Europeana Business Plan 2013 – Distribute and Engage Workshops
Four interactive Business Plan Workshops were held at the Europeana Offices in the National Library of the Netherlands (KB) in The Hague from 25-28 September.
Partners and Network members, representing a wide range of roles, organisations and countries, were invited to share their ideas and priorities for the coming year. Each workshop focused on a strand of Europeana’s Strategic Plan - Aggregate, Facilitate, Distribute, Engage.
The workshop conclusions will be further discussed with the participants, Europeana Network Officers and the Europeana Network at the Annual General Meeting in Berlin on November 27 and will feed into the Europeana Business Plan for 2013.
Today’s blog looks at what happened at the first two workshops: Distribute and Engage.
Day One: Distribute
Europeana’s strategic ambition for Distribution is to ‘make digital cultural heritage available to users, wherever they are’. With the release of the data under CC0 Public Domain waiver, we are now in a much better position to achieve this aim, but this is only a starting point.
The topic for this workshop was: ‘How to build an "eco-system for distribution" that capitalises on the opportunities of open data, together with the partner network’.
To explore this, the group discussed their associations with and recommendations for the following channels: the Europeana portal, virtual exhibitions, the Europeana API, widgets, Wikipedia, social media marketing and the Thematic Channels project.
Some reflections on the workshop from attendees were:
'Europeana should be the incubator, where the great ideas are developed.'
Lizzy Jongma (Rijksmuseum)
'The API is the skeleton of the eco-system. It is a push for creativity and we evolve with the alteration of this tool.'
Ghislain Guillaume (CVCE)
'Widgets mean power to small institutions. They are a good way to improve their websites.'
Marco Rendina (FRD)
'Wikipedia is a fast moving train. Libraries, museums, archives should move with this train and not try to stop it.'
Christopher Natzen (National Library of Sweden)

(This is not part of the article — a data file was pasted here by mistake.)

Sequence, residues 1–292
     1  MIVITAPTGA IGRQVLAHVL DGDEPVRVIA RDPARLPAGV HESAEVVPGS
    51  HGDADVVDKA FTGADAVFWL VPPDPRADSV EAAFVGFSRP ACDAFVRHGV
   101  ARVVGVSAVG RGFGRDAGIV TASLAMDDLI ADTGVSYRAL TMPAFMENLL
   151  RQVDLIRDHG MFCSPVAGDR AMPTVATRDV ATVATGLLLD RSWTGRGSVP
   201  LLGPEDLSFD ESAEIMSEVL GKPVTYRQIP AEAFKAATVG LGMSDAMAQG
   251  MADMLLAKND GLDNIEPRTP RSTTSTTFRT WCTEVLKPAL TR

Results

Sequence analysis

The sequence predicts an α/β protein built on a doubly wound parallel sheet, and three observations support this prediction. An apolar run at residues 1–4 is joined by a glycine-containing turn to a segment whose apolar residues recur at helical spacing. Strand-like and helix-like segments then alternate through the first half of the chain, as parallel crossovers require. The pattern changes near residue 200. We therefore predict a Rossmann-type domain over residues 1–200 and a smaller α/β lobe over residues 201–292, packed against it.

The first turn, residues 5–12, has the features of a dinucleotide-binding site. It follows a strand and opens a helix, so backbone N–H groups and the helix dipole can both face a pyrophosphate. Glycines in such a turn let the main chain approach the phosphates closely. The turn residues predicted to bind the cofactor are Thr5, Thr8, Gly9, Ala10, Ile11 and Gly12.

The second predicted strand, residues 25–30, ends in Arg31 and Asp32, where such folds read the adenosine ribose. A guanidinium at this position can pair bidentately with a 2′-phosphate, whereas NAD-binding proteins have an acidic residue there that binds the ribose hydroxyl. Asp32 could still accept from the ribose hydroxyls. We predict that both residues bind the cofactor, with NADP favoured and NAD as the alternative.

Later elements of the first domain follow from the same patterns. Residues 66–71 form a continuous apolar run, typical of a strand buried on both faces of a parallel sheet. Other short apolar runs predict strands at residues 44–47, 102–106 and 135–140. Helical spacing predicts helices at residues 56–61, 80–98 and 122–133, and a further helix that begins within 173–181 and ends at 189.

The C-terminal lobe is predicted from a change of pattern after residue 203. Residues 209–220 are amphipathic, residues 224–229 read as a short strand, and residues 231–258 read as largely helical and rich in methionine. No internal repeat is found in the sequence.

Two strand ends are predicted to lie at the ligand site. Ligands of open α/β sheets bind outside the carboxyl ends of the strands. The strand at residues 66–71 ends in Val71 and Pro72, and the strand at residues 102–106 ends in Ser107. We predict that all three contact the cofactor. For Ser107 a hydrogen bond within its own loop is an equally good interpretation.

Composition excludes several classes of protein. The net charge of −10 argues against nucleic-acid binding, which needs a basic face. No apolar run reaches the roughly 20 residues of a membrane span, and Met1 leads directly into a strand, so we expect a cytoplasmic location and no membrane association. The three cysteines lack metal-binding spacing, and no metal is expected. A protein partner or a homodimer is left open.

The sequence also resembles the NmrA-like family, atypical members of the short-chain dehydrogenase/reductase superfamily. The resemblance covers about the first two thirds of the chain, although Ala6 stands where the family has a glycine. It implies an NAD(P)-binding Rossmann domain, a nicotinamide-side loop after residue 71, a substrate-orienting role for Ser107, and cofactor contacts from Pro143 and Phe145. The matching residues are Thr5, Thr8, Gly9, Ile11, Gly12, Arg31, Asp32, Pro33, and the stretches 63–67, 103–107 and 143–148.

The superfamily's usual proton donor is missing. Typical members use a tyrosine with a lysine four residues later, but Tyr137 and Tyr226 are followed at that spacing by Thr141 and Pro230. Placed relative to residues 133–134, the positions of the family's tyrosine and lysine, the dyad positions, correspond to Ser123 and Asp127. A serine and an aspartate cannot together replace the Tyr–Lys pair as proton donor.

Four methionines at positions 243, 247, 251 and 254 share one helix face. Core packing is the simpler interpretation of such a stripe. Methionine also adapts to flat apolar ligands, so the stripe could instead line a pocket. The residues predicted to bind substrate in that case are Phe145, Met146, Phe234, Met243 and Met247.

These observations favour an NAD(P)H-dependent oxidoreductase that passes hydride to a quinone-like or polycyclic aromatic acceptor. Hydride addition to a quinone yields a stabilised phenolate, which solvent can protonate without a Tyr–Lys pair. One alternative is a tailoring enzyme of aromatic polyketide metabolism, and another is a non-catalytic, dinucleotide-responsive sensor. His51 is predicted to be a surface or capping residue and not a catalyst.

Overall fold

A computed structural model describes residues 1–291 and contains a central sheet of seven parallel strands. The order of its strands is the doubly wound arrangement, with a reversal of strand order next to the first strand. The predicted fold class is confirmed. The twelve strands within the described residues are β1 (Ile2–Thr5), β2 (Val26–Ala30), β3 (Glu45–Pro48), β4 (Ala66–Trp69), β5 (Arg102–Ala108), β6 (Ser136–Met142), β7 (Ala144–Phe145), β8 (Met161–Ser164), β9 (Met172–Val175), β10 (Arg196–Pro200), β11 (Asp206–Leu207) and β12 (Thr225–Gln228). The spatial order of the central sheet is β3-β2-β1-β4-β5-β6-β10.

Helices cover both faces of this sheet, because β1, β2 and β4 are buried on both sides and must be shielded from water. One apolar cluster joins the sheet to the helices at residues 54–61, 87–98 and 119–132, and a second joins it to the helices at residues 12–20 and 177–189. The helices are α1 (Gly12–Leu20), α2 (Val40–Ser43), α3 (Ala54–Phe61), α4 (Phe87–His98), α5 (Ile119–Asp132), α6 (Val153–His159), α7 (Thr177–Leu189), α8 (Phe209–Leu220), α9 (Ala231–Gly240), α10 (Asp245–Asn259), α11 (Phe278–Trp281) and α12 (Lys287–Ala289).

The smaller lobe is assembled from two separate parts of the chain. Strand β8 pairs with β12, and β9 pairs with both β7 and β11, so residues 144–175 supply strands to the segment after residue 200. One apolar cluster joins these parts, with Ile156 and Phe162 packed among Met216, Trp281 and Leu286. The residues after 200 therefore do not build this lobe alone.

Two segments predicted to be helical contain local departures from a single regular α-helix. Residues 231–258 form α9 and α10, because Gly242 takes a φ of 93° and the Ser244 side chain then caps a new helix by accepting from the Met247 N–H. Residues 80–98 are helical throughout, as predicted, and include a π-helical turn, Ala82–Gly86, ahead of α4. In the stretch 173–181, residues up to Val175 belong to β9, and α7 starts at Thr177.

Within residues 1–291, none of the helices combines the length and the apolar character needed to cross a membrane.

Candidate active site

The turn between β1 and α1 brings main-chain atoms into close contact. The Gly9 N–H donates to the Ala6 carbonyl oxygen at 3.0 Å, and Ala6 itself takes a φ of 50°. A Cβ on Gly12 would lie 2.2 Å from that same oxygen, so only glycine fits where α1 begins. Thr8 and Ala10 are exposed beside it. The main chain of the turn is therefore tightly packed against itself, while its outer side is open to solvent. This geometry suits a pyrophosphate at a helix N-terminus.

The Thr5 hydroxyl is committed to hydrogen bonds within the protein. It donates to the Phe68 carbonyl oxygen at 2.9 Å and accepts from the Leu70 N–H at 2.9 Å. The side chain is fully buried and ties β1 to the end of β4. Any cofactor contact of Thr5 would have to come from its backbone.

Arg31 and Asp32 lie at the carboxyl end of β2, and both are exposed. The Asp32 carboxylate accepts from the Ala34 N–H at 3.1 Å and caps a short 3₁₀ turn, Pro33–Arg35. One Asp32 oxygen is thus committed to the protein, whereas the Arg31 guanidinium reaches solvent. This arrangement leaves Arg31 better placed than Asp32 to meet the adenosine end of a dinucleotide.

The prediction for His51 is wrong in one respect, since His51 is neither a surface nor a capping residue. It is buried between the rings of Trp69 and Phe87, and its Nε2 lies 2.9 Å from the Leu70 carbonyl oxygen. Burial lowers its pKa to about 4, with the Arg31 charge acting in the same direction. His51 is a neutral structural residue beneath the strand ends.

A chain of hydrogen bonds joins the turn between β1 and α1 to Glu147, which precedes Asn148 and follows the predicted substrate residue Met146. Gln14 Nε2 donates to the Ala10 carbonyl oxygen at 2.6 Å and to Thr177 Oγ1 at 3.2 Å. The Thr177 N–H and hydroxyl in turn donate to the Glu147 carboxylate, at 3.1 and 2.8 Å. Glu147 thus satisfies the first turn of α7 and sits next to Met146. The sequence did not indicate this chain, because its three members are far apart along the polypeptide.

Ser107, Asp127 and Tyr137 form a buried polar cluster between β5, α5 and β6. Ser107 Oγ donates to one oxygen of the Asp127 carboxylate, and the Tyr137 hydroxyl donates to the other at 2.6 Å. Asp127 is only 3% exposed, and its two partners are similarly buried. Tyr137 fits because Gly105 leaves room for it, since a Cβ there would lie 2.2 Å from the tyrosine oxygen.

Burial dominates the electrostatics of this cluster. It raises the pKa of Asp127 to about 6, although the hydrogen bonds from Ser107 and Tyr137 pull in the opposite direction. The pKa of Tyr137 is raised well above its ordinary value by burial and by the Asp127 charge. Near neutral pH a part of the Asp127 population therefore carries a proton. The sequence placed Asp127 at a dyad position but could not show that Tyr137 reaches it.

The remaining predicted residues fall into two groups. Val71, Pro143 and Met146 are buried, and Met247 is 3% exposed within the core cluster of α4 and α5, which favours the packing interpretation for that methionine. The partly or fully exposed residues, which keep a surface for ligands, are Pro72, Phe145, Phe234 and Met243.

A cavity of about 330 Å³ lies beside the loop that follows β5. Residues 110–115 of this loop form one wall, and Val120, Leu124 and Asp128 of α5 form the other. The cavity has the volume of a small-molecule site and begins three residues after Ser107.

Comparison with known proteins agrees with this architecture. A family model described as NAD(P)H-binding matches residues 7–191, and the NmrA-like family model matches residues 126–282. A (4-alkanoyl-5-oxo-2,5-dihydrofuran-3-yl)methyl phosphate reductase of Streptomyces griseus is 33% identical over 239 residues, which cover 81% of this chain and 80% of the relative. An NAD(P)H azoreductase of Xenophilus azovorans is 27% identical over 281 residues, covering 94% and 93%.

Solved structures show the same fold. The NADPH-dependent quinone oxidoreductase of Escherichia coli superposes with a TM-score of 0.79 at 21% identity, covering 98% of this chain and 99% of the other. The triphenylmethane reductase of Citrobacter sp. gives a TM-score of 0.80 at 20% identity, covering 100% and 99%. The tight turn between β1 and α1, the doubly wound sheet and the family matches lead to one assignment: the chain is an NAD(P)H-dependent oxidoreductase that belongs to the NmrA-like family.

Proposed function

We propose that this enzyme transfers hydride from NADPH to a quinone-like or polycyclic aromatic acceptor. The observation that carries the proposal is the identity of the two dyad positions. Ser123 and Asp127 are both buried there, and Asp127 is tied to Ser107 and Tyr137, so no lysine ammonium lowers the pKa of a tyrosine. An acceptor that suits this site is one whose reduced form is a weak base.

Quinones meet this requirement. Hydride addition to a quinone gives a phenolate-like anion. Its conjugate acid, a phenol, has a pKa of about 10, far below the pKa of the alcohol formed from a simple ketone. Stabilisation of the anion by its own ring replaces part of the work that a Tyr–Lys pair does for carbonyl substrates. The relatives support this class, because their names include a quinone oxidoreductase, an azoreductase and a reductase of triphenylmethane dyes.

The group reflected that it would like Europeana to focus more time on becoming a strong ‘enabler’ than on reaching end-users directly. This would make the API crucial and the developer community a target market. It was also suggested that the partner network be empowered to use widgets, social media and virtual exhibitions and that a way of reporting object usage statistics would be useful.
Day Two: Engage
Europeana’s strategic ambition for Engagement is ‘to cultivate new ways for users to participate in their cultural heritage’ and ‘to broker new relationship between curators, content and users’.
The workshop addressed the question: ‘What should Europeana do to encourage end-user participation?’
A discussion focused on ideas for stimulating further user participation with the following engagement tools: 1914-1918 Collection Days, hackathons, Wiki editathons, Wiki Loves Monuments photo contests, the Europeana HTML5 Popcorn Remix, a digital storytelling platform, the Pinterest project and Europeana Thematic Channels.
Groups were asked to assess the level of feasibility, required investment and potential positive impact of the concepts. New ideas were welcome in this session. Ultimately, a specially designed matrix was used to separate the concrete ideas from the not-so-feasible ones!
The group suggested amongst other things, that Europeana should combine offline and online interactions, continue the Wikipedia and collaborative social media projects, combine different concepts and build on and develop concepts that have been successful in the past. Europeana could also think about how end-user participation is measured.
These were two very inspiring days for us, and we look forward to continuing the conversation online and offline in the coming weeks.